Juneau Nature Seminars: Community and Teacher Classes

Weekend and evening classes open to the community and providing free professional development for teachers.  Instructors Richard Carstensen and Steve Merli address natural and cultural history with a focusing question  ‘why do we live here?’

Most seminars involve a weekend (both days) outdoors plus two weekday evening classroom sessions.  You may enroll in as many of the three seminars as you wish.

The three 2019 Seminars are:

  • March 2-3, 5-6:  History & geography of Áak’w & T’aakú Aaní (land of Auk & Taku people).
  • May 30-June 2:  Landforms (geology) of Áak’w & T’aakú Aaní: Year-2: Kaxdigoowu Héen (Montana Creek) & Eeyák’w (Amalga Harbor)
  • June 6-9: Habitats of Áak’w & T’aakú Aaní: Year-2: Kaxdigoowu Héen (Montana Creek) & Eeyák’w (Amalga Harbor)

We recommend a $75 donation for members of the general public, and ask no fee of teachers or professional educators.  *Teachers seeking Ed 581 credit:  Each seminar provides 1 credit. To receive professional development education credit, you’ll register for the course with UAA, and will complete the seminar plus independent study and a final project. Upon successful completion, you may submit your UAA receipt to us for reimbursement!

If a course is full or “out of stock” please join our waitlist here.  We expect to take participants off the waitlist. 

Please see the full Description below for all the details!

 

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Description

History & geography of Áak’w & T’aakú Aaní (land of Auk & Taku people)    March 2/3: 10am – 4pm, March 5/6: 6pm – 8pm

This field-based, place-based class helps educators explore the unique geological and ecological features of Aanchgaltsoow (Auke Rec), blending natural and cultural history. How, for example, does a study of glacial history illuminate the stories of clan migrations? How were village sites chosen in an archipelago of changing sea levels and radical climate change? And what does “resilience” mean ecologically? Why do we live here, and how can we pass along a viable future for tomorrow’s Southeast Alaskans?  Time will be set aside during each field day for solo journaling, followed by sharing of thoughts on how these concepts/experiences can be introduced to students within a trauma-informed context.

 

Landforms (geology) of Áak’w & T’aakú Aaní: Year-2: Kaxdigoowu Héen (Montana Creek) & Eeyák’w (Amalga Harbor) May 30/31: 6pm – 8pm, June 1/2: 10am – 4pm

This field-based, place-based class helps educators explore the unique ecological features of Montana Creek and Amalga Harbor (Auke Rec), blending geologic and cultural history. This course will focus on coastal and terrestrial habitats, with special emphasis on human inhabitation and foraging needs. Time will be set aside during each field day for solo journaling, followed by sharing of thoughts on how these concepts/experiences can be introduced to students.

 

Habitats of Áak’w & T’aakú Aaní: Year-2: Kaxdigoowu Héen (Montana Creek) & Eeyák’w (Amalga Harbor) June 6/7: 6pm – 8pm, June 9/10: 10am – 4pm

This field-based, place-based class helps educators explore the unique ecological features of  Amalga Harbor, blending natural and cultural history. This course will focus on coastal and terrestrial habitats, with special emphasis on human inhabitation and foraging needs. Time will be set aside during each field day for solo journaling, followed by sharing of thoughts on how these concepts/experiences can be introduced to students.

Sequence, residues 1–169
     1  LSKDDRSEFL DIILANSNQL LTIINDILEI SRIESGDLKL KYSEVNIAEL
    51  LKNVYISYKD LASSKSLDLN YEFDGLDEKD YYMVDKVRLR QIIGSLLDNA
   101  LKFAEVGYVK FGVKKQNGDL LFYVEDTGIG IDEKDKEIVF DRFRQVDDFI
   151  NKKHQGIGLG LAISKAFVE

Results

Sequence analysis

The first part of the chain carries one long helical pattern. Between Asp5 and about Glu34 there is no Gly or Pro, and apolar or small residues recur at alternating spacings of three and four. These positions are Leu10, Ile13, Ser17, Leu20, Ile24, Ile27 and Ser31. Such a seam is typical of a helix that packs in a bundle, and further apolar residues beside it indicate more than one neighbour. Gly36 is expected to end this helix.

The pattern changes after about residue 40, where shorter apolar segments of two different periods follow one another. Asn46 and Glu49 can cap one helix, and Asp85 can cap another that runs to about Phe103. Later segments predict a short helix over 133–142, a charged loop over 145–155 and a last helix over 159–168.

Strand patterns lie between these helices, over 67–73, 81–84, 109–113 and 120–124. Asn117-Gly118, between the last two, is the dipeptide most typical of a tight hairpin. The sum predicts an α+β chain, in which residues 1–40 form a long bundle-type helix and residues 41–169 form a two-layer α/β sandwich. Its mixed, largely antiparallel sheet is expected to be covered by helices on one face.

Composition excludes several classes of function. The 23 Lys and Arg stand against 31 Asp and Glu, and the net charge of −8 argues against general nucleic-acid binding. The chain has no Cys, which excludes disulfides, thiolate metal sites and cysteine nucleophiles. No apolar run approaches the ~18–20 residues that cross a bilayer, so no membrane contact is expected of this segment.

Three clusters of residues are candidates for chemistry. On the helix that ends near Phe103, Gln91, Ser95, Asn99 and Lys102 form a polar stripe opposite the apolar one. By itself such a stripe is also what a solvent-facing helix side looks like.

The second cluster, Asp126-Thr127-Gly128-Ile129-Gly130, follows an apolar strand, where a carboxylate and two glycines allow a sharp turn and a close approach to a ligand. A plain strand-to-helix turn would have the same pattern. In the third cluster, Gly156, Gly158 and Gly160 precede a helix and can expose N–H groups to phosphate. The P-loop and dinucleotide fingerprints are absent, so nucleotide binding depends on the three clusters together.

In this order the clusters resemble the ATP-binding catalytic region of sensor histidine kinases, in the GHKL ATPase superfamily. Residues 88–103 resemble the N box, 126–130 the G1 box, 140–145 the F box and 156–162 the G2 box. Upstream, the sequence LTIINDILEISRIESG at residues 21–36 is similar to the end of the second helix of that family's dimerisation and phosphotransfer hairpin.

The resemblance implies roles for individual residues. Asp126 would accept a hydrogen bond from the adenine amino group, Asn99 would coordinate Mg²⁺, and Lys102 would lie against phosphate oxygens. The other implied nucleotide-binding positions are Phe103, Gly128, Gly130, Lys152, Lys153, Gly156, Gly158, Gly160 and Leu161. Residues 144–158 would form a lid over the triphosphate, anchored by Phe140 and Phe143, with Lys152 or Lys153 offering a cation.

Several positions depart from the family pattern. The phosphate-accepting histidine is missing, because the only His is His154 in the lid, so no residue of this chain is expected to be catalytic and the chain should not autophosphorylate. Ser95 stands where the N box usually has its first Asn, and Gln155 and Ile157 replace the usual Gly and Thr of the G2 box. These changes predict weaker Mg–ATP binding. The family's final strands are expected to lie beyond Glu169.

Juneau Nature Seminars is comprised of complementary 1-credit classes blending natural and cultural history, offered to Juneau educators and open to the public at large too.  The classes are highly place-based, so a teacher can take, for example, the class called Landforms in successive years without concern that material will be overly redundant.  Note: The Landforms (geology) and Habitats classes are part of a multi-year series in which we investigate Juneau’s special places. In week-1 we focus on geology/landforms, and in week-2, return to those same places, ‘layering on’ the biology: habitats, succession, culture, etc.  Because we feature different places each year, teachers can take them in successive years without fear of redundancy. Taking both the landform and habitat classes (totaling 2  Ed-581 credits) makes a great complementary pair but is not required.

Instructors Richard Carstensen and Steve Merli have been teaching together since the late 1980s. As a general tendency, Carstensen structures the left-brainy, conceptual-technological course material, and Merli keeps us grounded, from his dual background as naturalist and healer. Steve will lead sessions on nature as therapy for youth-at-risk (and for us all). Although highly hands-on and experiential (ie, bushwacking!), our course also introduces cutting edge technologies such as LiDAR-based cartography, high-resolution GPS, and UAV (unoccupied aerial vehicle) videography.

Participants and may include the general public as well as teachers.  

After registering you’ll receive a link to our online Participant Agreement, which needs to be completed before the program starts. We recommend you take a moment now to look over a copy, so you’re comfortable with it before registering. Registration is voluntary, so if you don’t agree with the terms there, please don’t register, and instead let us know at info@discoverysoutheast.org.